On 7/10/17, Janie Valentine posted a review of the new book, Why People Matter, edited by John Kilner. Recently while I was on vacation I had the chance to read it and found the basic concept of the book very interesting. It begins with the idea that people on opposite sides of many of the ethical debates in our society actually have common ground that they agree on which can be used to engage each other in a constructive way. I heartily agree with that idea and would suggest that one area of common ground is that those interested in moral and ethical issues agree that morality is important and that there are ethical standards that should influence how we live. That is good place to start. Dr. Kilner and his co-authors are more specific in suggesting that the concept that people matter, that they have moral significance and should be treated with respect, is an underlying concept that people on both side of many currently debated issues use to support their positions. That is also a very good place to start.
From that starting place the authors look at five common ways of looking at the world and moral issues and show that there are some problems with supporting the common idea that people matter within those ways of seeing the world. They contrast that with the robust support for the significance of people with in a Christian view. I was particularly impressed by the reviews of utilitarianism, individualism, and naturalism by Gilbert Meilaender, Russell DiSilvestro and Scott Rae. Those are the most common views from the surrounding culture that I see influencing the students I interact with. In each case they show why those views actually undermine the common understanding that human beings have significance – that they matter, and how a Christian biblical view provides much better support for the significance of human beings.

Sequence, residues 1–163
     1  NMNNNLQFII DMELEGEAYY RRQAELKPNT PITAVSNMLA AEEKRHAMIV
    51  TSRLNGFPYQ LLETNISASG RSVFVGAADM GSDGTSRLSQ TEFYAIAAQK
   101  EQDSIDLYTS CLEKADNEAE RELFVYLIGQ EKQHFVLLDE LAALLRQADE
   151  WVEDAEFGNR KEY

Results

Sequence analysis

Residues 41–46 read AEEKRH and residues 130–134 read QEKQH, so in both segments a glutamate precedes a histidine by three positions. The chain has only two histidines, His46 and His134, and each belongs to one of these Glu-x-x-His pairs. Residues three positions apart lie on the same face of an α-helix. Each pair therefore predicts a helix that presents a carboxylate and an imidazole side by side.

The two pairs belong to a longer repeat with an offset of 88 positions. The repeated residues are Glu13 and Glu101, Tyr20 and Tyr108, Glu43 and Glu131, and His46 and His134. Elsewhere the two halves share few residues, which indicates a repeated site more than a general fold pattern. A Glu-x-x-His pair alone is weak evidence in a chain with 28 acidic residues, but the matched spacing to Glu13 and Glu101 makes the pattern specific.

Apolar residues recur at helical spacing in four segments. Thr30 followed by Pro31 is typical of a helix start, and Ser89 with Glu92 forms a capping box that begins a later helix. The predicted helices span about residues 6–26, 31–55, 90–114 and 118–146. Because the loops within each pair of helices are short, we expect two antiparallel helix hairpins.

I think that their analyses also address the common ground that morality is important. As Dr. Meilaender points out utilitarianism is unworkable unless we are omniscient and omnipotent, which we are not. That leaves us without a way to determine what we should do. As Dr. DiSilvestro shows, individualism makes moral concepts subjective and gives no objective standards by which we can guide our moral choices. It makes ethical discussion meaningless. With Dr. Rae we can see that naturalism provides no foundation for the validity of rational thought that represents the reality of the world, let alone moral concepts to guide us. In contrast, a biblical view gives us a solid foundation for morality and ethics that is grounded in the nature of God who is good and who created a world and human beings who reflect the goodness of his nature.
No matter which of these areas of common ground we choose, we can engage those who see moral issues differently than we do by recognizing the areas on which we agree and then exploring how those areas of commonality fit with how we view the world. If we do this well with a genuine desire to understand how others think we can encourage civil discussion that will help all of us to grow and come closer to what is true.